Jonathan Swift (1667-1745), satirist, essayist and political pamphleteer, is a favorite of mine. He wrote “Gulliver’s Travels.” One of Gulliver’s voyages was to Laputa, where he visited the grand academy of Lagado, whose scientists have visions not unlike today’s politicians who exploit mankind’s gullibility.
Before getting around to our politicians, how about a quick synopsis of Gulliver’s visit to the grand academy of Lagado, where scientists were trying to solve important problems? To wage war against famine, one scientist was trying to convert excrement back into food. For eight years, another scientist was engaged in a project to extract sunbeams from cucumbers. An architect was trying to find a way to build houses starting from the roof down so as to provide shelter for construction workers as they completed their work during inclement weather. Then there was sheer lunacy in the case of a professor who claimed that conspiracies against government could be discovered by studying the excrement of subjects. All of these projects of the grand academy of Lagado scientists were doomed to failure primarily because of the immutable prohibitions of the first and second laws of thermodynamics.
How, you might ask, do these laws apply to politicians and gullible Americans? The first law of thermodynamics, translated into plain English, states that “there is no such thing as a free lunch.” Conservation of energy is a basic law of physics that cannot be violated. My question to Sen. Bernie Sanders and his supporters, with his promise of free college tuition, is: Has he discovered a way around the laws of physics? Or is he lying about getting something for nothing and really means that he plans to take the earnings of one American in order to provide “free” college tuition? Of course, he might have a more horrible method in mind as a way to provide free tuition, namely the enslavement of professors. One wonders whether Sanders would receive as much cheer from his youthful supporters if he were honest with them and told them he was going to provide for their “free” education by taking the earnings of another or by enslaving professors.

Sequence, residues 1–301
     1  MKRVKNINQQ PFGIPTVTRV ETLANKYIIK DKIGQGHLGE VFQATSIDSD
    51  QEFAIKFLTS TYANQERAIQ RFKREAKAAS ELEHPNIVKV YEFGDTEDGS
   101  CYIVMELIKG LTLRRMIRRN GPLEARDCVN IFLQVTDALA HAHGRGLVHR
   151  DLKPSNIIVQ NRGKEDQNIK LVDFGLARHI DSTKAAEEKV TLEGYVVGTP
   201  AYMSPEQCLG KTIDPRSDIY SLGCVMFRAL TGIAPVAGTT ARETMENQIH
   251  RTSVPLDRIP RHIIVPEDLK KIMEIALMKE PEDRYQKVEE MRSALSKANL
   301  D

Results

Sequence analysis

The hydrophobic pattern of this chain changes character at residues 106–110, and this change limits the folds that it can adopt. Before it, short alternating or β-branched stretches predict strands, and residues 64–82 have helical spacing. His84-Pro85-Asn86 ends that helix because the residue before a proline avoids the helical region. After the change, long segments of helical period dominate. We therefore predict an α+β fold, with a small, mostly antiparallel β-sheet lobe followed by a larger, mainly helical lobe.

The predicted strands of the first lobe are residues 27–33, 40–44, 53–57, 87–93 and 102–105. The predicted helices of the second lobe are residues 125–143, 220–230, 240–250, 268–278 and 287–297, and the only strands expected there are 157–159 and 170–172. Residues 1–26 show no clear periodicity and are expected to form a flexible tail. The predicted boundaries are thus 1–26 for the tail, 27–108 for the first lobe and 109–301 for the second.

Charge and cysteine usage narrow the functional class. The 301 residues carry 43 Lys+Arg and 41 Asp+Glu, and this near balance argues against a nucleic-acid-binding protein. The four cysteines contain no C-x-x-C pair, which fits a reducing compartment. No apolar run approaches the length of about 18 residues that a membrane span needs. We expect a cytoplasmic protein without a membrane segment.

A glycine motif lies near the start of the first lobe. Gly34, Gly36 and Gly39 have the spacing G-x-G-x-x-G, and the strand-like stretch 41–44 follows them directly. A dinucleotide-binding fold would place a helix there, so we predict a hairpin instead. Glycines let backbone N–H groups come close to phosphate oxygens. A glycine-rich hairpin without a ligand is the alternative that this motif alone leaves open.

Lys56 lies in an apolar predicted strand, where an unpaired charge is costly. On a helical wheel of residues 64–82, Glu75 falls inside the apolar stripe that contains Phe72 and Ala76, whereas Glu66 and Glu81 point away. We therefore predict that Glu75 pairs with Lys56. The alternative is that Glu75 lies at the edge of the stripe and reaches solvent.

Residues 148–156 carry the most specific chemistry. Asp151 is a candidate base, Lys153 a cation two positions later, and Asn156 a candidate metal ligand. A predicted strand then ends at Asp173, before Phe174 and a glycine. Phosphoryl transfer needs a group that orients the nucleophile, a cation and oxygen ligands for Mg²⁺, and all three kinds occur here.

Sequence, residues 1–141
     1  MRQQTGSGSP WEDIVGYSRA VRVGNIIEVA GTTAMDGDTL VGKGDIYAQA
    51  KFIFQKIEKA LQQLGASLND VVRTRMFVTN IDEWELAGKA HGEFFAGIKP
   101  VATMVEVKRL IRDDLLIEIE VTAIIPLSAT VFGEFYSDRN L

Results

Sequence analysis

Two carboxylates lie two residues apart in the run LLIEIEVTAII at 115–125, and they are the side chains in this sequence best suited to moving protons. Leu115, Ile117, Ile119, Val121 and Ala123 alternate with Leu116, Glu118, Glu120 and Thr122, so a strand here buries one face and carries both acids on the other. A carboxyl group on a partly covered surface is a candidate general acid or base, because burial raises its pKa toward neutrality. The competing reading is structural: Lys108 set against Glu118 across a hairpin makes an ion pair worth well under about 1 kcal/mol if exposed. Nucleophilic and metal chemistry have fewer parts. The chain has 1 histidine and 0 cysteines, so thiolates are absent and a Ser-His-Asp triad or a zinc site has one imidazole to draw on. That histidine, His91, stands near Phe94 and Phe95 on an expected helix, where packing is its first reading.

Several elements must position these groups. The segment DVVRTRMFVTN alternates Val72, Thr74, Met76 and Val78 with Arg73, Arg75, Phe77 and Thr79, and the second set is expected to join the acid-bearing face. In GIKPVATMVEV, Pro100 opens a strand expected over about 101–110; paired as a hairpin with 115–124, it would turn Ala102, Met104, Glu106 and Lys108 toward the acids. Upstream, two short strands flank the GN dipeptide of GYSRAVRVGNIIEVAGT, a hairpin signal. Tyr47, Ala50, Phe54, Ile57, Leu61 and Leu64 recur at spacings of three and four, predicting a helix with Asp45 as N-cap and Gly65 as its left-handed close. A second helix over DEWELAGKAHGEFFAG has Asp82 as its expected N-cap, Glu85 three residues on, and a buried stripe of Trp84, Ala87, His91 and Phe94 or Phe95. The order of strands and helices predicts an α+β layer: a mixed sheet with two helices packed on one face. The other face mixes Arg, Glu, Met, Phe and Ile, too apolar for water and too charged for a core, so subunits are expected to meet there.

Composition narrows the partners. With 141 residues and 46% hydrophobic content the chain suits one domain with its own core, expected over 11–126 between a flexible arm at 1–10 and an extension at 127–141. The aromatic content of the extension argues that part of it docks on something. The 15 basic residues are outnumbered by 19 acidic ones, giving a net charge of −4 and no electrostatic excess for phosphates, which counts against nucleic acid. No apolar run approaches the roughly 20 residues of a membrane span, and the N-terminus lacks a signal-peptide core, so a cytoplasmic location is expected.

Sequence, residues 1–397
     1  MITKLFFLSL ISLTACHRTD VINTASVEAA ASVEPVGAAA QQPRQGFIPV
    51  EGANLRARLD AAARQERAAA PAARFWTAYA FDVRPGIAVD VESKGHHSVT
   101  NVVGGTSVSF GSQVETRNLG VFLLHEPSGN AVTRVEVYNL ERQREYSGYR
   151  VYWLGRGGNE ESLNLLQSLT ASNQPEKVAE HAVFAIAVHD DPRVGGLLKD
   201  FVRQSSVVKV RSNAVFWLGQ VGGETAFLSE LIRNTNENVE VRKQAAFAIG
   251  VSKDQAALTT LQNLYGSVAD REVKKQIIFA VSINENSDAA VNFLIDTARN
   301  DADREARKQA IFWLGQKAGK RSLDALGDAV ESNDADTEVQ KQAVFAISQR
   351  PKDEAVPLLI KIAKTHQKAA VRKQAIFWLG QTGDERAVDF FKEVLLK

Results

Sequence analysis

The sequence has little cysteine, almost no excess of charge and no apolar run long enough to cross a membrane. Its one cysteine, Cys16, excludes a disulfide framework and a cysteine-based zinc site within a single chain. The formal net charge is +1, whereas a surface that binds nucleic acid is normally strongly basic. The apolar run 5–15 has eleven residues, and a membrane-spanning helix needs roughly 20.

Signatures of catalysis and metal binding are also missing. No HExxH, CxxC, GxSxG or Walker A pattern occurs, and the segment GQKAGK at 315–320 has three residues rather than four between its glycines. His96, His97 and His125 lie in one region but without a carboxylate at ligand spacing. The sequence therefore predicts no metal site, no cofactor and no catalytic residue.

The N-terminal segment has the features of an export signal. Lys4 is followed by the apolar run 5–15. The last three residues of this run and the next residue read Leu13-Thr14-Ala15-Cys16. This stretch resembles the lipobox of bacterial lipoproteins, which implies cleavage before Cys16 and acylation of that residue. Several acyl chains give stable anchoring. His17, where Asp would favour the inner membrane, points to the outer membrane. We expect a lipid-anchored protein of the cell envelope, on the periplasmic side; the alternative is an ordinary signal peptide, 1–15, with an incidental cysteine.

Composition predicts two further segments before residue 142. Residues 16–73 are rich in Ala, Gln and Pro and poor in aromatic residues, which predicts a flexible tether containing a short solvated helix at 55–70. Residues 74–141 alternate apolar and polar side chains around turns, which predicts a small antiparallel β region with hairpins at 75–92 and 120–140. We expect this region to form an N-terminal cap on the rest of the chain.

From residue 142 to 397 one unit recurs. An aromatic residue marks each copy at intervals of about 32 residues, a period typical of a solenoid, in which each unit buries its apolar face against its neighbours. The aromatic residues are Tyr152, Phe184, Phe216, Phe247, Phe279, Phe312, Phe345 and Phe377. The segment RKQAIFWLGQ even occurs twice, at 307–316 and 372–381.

Presidential candidate Donald Trump promised, “I will be the greatest jobs president that God ever created.” To assist in accomplishing that goal he has vowed to impose a 35 percent tariff on imported Ford vehicles from Mexico. More recently, he threatened to impose tariffs on Carrier air conditioners because its parent company, United Technologies Corp., announced plans to move to Mexico.
Trump’s battle is not against Mexico, Ford or United Technologies. Instead, his real battle is against American people who would buy goods made abroad. This is readily seen by asking the question: Would Trump and other anti-free traders be concerned if Americans voluntarily refused to purchase foreign goods? Donald Trump and business and labor groups, who are against Americans purchasing goods made in other countries, can simply ask the American people not to purchase from abroad. Tyrants would never buy that strategy. Tyrants do not trust free markets and what they imply, voluntary exchange, because people acting voluntarily might not do what the tyrant thinks they should do. That is why they favor compulsion in the forms of tariffs and quotas to stifle peaceable, voluntary exchange with foreigners.
By the way, some of the political obfuscation about foreign trade is lifted when we recognize that it is not really nations trading with one another. In other words, the U.S. Congress does not trade with the federal government of Mexico, England’s or France’s parliaments or Japan’s Diet. It’s individual Americans who, through private intermediaries, trade with: Mexican Ford manufacturers, English clothing manufacturers, French wine producers and Japanese automakers.
Too many Americans believe in the possibility of a free lunch. Politicians exploit that gullibility. The unpleasant task of a good economist is to teach that fundamental principle: One cannot get something for nothing.
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Walter E. Williams is a professor of economics at George Mason University.
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